The existing answers are mostly correct, but I wanted to provide some additional information confirming this.
tl;dr: They are correct that the relevant federal labor laws don't apply to them due to the size of their business, but what they did would be permissible even if they did.
The primary applicable law in the U.S. is the Americans with Disabilities Act (ADA).
Applicability to Small Businesses
You say that the employer has less than ten employees. As it turns out, they're actually correct that ADA does not apply to them. The primary applicable part of the ADA is 42 USC 12112(a), which says:
No covered entity shall discriminate against a qualified individual on the basis of disability in regard to job application procedures, the hiring, advancement, or discharge of employees, employee compensation, job training, and other terms, conditions, and privileges of employment.
Initially, it sounds like this might apply, but, as with all laws, definitions of terms are important. 42 USC 12111 defines the terms applicable here. Of particular importance are (2) ("Covered Entity") and (5)(A) ("Employer"):
(2) Covered entity
The term “covered entity” means an employer, employment agency, labor organization, or joint labor-management committee.
(A) In general
The term “employer” means a person engaged in an industry affecting commerce who has 15 or more employees for each working day in each of 20 or more calendar weeks in the current or preceding calendar year, and any agent of such person, except that, for two years following the effective date of this subchapter, an employer means a person engaged in an industry affecting commerce who has 25 or more employees for each working day in each of 20 or more calendar weeks in the current or preceding year, and any agent of such person.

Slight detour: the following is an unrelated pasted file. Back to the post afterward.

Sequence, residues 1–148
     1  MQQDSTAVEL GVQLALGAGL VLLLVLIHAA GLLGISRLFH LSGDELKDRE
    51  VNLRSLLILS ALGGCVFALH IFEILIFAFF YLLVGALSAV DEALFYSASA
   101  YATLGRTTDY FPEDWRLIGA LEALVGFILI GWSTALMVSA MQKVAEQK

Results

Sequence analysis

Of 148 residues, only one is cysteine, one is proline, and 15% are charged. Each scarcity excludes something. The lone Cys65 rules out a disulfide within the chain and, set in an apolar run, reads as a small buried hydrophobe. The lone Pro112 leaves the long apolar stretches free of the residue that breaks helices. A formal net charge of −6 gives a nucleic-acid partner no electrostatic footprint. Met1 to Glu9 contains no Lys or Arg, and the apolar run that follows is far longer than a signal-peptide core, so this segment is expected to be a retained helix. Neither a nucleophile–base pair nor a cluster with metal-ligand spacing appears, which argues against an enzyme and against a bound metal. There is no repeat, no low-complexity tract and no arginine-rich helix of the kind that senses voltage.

So, indeed, ADA is not applicable to this employer if they have fewer than 10 employees. They would need to have 15 or more before ADA protection kicks in. This is largely because, while something might be considered a minor responsibility that could just be covered by someone else in a large organization, that isn't necessarily the case for a small business with only a few employees.
(As a side note, "person" under U.S. law does include corporations, so the definition of "employer" does not exclude corporate employers. Though they would indeed be excluded from ADA requirements if that were not the case.)
Who is a "Qualified Individual"?
While ADA is completely non-applicable to the employer in this case, even if it were applicable, the next question to be answered would be, "Who is a 'qualified individual?'" Of course, the law answers that, too:
(8) Qualified individual
The term “qualified individual” means an individual who, with or without reasonable accommodation, can perform the essential functions of the employment position that such individual holds or desires. For the purposes of this subchapter, consideration shall be given to the employer’s judgment as to what functions of a job are essential, and if an employer has prepared a written description before advertising or interviewing applicants for the job, this description shall be considered evidence of the essential functions of the job.
So, if you have a disability that renders you unable to perform one or more of the essential functions of a job, even with reasonable accommodations, then you are not considered to be a "qualified individual" with regards to that job for purposes of ADA protection. Which, of course, makes sense. You wouldn't want to hire someone as a baggage handler or a carpenter if they couldn't lift heavy stuff, for example.
Additionally, note the language in the second sentence. First of all, it's mostly up to the employer (within reason at a court's discretion) to determine what is considered an "essential function" of a given job. Second, if an employer has prepared a written description of the position before advertising or interviewing candidates for it, then that's considered evidence of the essential functions. That's one reason why it's important for employers to have the sort of description you quoted in the question. If a case were to go to court (and the case weren't dismissed for inapplicability of ADA to that employer,) then that job description stating up front physically demanding aspects of the job would be considered evidence in favor of the employer.